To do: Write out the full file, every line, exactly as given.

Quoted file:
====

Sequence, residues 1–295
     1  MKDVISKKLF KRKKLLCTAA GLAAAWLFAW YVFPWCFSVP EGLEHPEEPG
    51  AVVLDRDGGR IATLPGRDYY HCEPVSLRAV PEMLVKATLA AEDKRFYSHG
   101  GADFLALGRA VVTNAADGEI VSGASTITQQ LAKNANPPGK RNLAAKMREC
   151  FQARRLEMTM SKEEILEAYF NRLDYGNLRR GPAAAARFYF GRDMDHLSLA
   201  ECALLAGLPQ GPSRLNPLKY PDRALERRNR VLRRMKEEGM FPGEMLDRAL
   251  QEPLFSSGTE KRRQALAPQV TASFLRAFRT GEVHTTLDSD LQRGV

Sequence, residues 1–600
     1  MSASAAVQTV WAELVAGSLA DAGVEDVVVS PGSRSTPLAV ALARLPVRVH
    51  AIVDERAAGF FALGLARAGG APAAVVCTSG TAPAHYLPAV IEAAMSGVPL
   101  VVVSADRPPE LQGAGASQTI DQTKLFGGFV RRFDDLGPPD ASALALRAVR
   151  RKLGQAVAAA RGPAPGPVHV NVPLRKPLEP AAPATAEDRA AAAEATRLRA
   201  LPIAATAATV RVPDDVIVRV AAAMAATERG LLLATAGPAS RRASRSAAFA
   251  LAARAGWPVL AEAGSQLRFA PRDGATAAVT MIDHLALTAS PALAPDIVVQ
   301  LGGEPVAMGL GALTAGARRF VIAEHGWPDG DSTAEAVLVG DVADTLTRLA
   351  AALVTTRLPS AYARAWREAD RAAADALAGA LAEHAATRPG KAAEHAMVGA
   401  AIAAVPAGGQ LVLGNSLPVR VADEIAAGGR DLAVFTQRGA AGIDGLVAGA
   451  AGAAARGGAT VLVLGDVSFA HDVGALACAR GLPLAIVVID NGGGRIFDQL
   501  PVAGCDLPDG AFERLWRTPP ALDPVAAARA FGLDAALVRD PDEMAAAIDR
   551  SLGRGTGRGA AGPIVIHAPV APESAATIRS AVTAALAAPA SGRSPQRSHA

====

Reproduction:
Sequence, residues 1–295
     1  MKDVISKKLF KRKKLLCTAA GLAAAWLFAW YVFPWCFSVP EGLEHPEEPG
    51  AVVLDRDGGR IATLPGRDYY HCEPVSLRAV PEMLVKATLA AEDKRFYSHG
   101  GADFLALGRA VVTNAADGEI VSGASTITQQ LAKNANPPGK RNLAAKMREC
   151  FQARRLEMTM SKEEILEAYF NRLDYGNLRR GPAAAARFYF GRDMDHLSLA
   201  ECALLAGLPQ GPSRLNPLKY PDRALERRNR VLRRMKEEGM FPGEMLDRAL
   251  QEPLFSSGTE KRRQALAPQV TASFLRAFRT GEVHTTLDSD LQRGV

Sequence, residues 1–600
     1  MSASAAVQTV WAELVAGSLA DAGVEDVVVS PGSRSTPLAV ALARLPVRVH
    51  AIVDERAAGF FALGLARAGG APAAVVCTSG TAPAHYLPAV IEAAMSGVPL
   101  VVVSADRPPE LQGAGASQTI DQTKLFGGFV RRFDDLGPPD ASALALRAVR
   151  RKLGQAVAAA RGPAPGPVHV NVPLRKPLEP AAPATAEDRA AAAEATRLRA
   201  LPIAATAATV RVPDDVIVRV AAAMAATERG LLLATAGPAS RRASRSAAFA
   251  LAARAGWPVL AEAGSQLRFA PRDGATAAVT MIDHLALTAS PALAPDIVVQ
   301  LGGEPVAMGL GALTAGARRF VIAEHGWPDG DSTAEAVLVG DVADTLTRLA
   351  AALVTTRLPS AYARAWREAD RAAADALAGA LAEHAATRPG KAAEHAMVGA
   401  AIAAVPAGGQ LVLGNSLPVR VADEIAAGGR DLAVFTQRGA AGIDGLVAGA
   451  AGAAARGGAT VLVLGDVSFA HDVGALACAR GLPLAIVVID NGGGRIFDQL
   501  PVAGCDLPDG AFERLWRTPP ALDPVAAARA FGLDAALVRD PDEMAAAIDR
   551  SLGRGTGRGA AGPIVIHAPV APESAATIRS AVTAALAAPA SGRSPQRSHA